What swing do the Conservatives/Labour need to win an overall majority?

On a purely uniform swing, the Conservatives need to be 11.1 percentage points ahead of Labour to get an overall majority, that is, they need a swing of 2% from Labour compared to where they were at the last general election. For Labour to win an overall majority they need to be 2.6 percentage points ahead of the Conservatives; that is, they need a swing of 4.9% from where they were at the last general election. If the Conservatives are 4 points ahead of Labour then the two parties would have an equal number of seats.

Of course, in reality the swing is not uniform. There is significant random variation from seat to seat, there are also some systemic difference - Scotland, for example, often displays very different shifts in the vote to England & Wales, while past elections suggest that MPs first elected in 2010 will perform above the national swing at their first election as incumbents (especially those who defeated an incumbent MP from a rival party to win their seat).

More importantly, an estimate based on a pure uniform swing assumes that the level of support for the Liberal Democrats remains unchanged from the last election, something that few (if anyone) expect to happen. If there is a drop in Liberal Democrat support, then the lead that the Conservatives would need to win an overall majority comes down. For example, if the Liberal Democrats managed 15% at the next general election - much higher than the level of support most current opinion polls are showing - the Conservatives could win with a lead of about 7 points over Labour and no significant Lab to Con swing.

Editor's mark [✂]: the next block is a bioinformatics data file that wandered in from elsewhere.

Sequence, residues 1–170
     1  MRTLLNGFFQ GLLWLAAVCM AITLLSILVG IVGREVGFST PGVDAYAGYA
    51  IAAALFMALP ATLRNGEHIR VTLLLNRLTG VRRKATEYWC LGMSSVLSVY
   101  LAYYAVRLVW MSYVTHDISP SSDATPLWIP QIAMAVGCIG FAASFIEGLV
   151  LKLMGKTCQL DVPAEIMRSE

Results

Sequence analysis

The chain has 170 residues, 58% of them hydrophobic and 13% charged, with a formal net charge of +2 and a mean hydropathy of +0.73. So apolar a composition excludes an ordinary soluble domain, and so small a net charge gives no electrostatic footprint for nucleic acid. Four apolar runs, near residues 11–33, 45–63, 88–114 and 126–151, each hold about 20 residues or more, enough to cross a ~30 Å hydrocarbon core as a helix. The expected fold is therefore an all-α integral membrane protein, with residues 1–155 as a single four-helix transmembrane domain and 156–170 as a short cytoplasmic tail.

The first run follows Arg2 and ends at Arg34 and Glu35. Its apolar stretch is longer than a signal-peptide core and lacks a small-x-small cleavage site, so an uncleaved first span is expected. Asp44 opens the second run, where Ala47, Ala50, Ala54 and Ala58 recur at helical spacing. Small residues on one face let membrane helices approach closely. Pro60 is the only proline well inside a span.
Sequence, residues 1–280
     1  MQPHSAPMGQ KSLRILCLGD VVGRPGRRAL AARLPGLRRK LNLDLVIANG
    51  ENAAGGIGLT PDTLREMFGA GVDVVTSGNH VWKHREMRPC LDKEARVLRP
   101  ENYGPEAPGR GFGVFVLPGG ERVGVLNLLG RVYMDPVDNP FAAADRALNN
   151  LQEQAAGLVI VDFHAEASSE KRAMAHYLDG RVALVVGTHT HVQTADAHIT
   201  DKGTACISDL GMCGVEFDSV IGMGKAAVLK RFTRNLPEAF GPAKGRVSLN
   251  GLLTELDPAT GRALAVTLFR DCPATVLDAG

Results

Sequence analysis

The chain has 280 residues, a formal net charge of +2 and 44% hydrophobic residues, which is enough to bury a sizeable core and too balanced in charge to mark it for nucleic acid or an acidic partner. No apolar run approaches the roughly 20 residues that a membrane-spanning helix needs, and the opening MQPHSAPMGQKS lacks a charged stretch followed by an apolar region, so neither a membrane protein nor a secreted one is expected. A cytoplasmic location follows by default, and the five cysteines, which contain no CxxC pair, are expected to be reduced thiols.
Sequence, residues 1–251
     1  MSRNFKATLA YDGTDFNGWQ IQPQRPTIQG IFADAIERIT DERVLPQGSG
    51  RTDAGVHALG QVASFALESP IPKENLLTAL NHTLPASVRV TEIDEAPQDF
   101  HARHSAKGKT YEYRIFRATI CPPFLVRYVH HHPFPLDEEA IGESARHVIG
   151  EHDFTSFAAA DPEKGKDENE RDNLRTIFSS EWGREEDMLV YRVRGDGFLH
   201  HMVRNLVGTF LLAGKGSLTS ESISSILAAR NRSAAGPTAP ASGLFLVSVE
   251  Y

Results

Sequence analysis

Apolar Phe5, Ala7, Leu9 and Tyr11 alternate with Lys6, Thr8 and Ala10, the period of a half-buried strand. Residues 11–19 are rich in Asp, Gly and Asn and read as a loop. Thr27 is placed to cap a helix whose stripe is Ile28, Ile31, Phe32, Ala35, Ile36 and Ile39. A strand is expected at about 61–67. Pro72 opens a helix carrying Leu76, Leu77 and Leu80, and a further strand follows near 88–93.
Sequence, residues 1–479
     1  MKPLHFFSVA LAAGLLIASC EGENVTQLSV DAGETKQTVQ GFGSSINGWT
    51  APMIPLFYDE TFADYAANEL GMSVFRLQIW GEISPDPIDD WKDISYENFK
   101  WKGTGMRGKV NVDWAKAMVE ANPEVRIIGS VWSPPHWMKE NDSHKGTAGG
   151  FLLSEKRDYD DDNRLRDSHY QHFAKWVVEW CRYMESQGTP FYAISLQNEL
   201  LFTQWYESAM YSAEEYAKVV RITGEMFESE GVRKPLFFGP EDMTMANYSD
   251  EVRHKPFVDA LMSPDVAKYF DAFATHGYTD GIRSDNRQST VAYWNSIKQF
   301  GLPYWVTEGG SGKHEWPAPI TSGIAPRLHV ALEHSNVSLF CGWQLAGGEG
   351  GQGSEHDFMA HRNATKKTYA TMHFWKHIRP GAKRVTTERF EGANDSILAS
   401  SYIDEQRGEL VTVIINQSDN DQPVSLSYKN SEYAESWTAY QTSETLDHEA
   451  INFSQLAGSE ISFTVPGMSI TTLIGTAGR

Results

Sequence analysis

Which seat do the Conservatives/Labour need to win an overall majority?

This was actually the one question I was asked more than any other in the run up to the last general election, mostly by journalists who wanted to do a vox pox or a feature in the seat that the Tories "needed to win" in order to have a majority. The correct answer is, of course, that there is no one seat that either party needs in order to win the election, swings are far from perfectly uniform, so if the Conservatives fail to win the seat that is, on paper, the 20th most winnable there is no reason they couldn't win the seat that is the 21st most winnable.

The Conservatives won 306 seats at the last general election, so to win an overall majority they need to gain an extra 20 seats. The seat with the 20th smallest majority over the Conservatives is Middlesbrough South and East Cleveland....but this isn't necessarily the 20th most winnable - the Conservatives may feel they have better chances for gains elsewhere, and better prospects in Liberal Democrat held seats than in Labour ones.

The Labour party meanwhile won 258 seats at the last general election, so to win an overall majority they need to gain an extra 68 seats. The seat with the 68th smallest majority over Labour is High Peak... but once again, this isn't necessarily the 68th most winnable seat for Labour.

Are you adding Prospective Parliamentary candidates for each seat?

Before the 2010 election I added party candidates to each constituency as they were selected... or at least, attempted to. Tracking all 4000 or so candidates and providing photos and biogs for them was, as I should probably have realised, an almost impossible task for one person to do - especially for independent and minor party candidates who would often be announced mid-way through the Parliament, but fail to actually contest the election. I hope to add confirmed candidates in 2015 and maintain lists of candidates selected by the main parties - but I won't be attempting the impossible again.

Seat X is actually far more winnable than seat Y

Yes, it probably is. The lists are target seats are based purely on percentage majorities, in reality the demographics of particular seats, or past tactical considerations mean that the raw figures give a misleading impression of how winnable a seat is. Every seat has a comments section where you can add your own opinions about how winnable they are.

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